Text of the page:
or otherwise of adopting organic techniques (Cembalo and Cicia, 2002). The
comparative studies between organic and conventional farms, efficiency analysis is
216

particularly suitable for assessing the farmers relative ability in optimizing internal
resources. Further more, the utilization of an efficiency estimation approach is
advisable in studies aimed at providing policy indications (Coelli et al., 2002; Lovell
1995).

But, there are only a few attempts of comparing efficiency between organic and
conventional production systems. Several studies were conducted by Tzouvelekas et
al. (2001a, b; 2002a, b) on Greek agriculture. The authors used a parametric
approach to evaluate olive, cotton and durum wheat farms and obtained
controversial results. In the analysis on cotton farms, Tzouvelekas et al. (2001b)
found that technical efficiency (TE), with respect to their specific technology (organic
and conventional) was higher in conventional farmings favour. On the other hand,
the studies on olive-growing and durum wheat-growing demonstrated the improved
ability of organic farmers in minimizing inefficiency (regarding their specific
technology). Oude Lansink et al. (2002) compared efficiency measures of organic
and conventional farms in Finland. They suggested that organic producers have
higher technical and sub-vector efficiencies than conventional farms in their own
reference groups, but overall efficiency measures suggest that organic farms are
using less productive technology. In Italy, Madau (2005) applied a stochastic frontier
production model and found that conventional cereal farms were significantly more
efficient than organic cereal farms, with respect to their specific technology, which
counter the findings from Tzouvelekas et al. (2001a, 2002a). In another recent study,
Larsen and Foster (2005) compared efficiency measures of organic and
conventional farms in Sweden by a non-parametric technique. Their results indicate
that the average efficiency scores of the organic producers are lower than the
average efficiency of the conventional producers.

Fabio (2007) analyzed the technical efficiency in organic and conventional farming
on Italian cereal farms. He applied stochastic frontier model to estimate technical
efficiency in a sample. All the observed farms were in Sardinia and they participated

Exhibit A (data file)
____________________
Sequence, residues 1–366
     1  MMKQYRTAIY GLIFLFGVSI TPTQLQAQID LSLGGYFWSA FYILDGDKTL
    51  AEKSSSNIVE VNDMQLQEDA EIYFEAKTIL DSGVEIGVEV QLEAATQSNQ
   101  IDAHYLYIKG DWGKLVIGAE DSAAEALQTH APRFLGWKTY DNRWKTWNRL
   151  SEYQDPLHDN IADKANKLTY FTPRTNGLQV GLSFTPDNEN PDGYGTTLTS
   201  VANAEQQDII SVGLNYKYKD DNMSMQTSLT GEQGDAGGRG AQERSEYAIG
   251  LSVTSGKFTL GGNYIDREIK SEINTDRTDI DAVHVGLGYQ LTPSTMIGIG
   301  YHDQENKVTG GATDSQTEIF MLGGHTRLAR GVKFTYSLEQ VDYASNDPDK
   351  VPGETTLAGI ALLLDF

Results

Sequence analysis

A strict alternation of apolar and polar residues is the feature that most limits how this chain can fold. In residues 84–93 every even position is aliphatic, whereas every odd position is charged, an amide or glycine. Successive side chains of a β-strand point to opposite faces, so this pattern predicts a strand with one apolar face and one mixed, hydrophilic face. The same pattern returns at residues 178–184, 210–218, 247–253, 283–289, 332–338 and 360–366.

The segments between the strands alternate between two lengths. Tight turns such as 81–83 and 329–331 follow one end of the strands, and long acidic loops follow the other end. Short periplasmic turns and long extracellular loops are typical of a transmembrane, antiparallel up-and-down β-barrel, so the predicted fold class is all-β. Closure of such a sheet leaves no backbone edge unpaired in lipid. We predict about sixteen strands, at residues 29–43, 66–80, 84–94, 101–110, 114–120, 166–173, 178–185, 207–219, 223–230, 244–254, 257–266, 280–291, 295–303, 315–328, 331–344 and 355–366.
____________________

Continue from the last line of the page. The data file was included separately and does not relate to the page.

in the official Farm Accountancy Data Network (FADN) during 2001 and 2002.
Translog functional form of production function was applied to measure the efficiency
in the farms. The likelihood test results suggested that the organic and conventional
farms in the sample would lie on two different frontier production functions. The
217

estimated TEs for conventional and organic practices are, on average, 0.902 and
0.831 respectively. This concludes that organic farmers were less efficient than
conventional farmers, relative to their specific frontier technology. The conventional
cereal-growing tends to be more productive than organic production and the gap
between them should be interpreted as an absolute advantage of traditional farms.
The results that enforcing some horizontal measures like professional training and
extension services would improve the ability of organic farmers.

Cisilino and Madau (2007) compared the organic and conventional farming in Olive
farms using Italian FADN database. In order to identify some of the main differences
between organic and conventional farms a distance analysis was used. The study
highlighted some of the main characteristics of those two groups of farms to better
address differences in production technology, costs and revenues. They also
estimated differences in

efficiency and productivity between

organic and

conventional producers using nonparametric method. Results revealed that looking


at the average values on invested areas; conventional farms gross production was
significantly higher than the organic ones, as the net margin, as the net product and
costs. The average values on total labour force instead, shown that, even if
conventional farms still have higher values than organic ones, the distance become
shorter. That means that the two groups are quite similar and that, even if organic
farms still produce a lower economic value, they better compensate productive
factors, especially in terms of labour force. The efficiency analysis found that organic
olive-growing farms were more able in using their disposable resources (with
reference to their own frontier), and the higher efficiency permitted them to
compensate the lower productivity with respect to the conventional farms.

Bayramoglu and Gundogmus (2008) calculated the cost-efficiency between organic


and conventional raisin-producing households in Turkey. They used data
envelopment analysis to compute overall technical and input-specific technical
efficiency measures. The data were collected from fourty-four organic and thirty-eight
conventional producers determined by stratified random sampling. For each
household group the average cost efficiency and technical efficiency coefficients
were 0.712 and 0.862 for organic households, while 0.844 and 0.903 for the
conventional group. According to the coefficients calculated for individual and
218

different returns to scale, study concluded that conventional households are on


average more efficient relative to their own technology.

Funtanilla et al (2009) evaluated the organic cotton marketing opportunity in USA.


They mentioned that according to the Organic Trade Association (OTA), 2004 the
annual growth of organic fiber was 23 per cent. This study was under taken on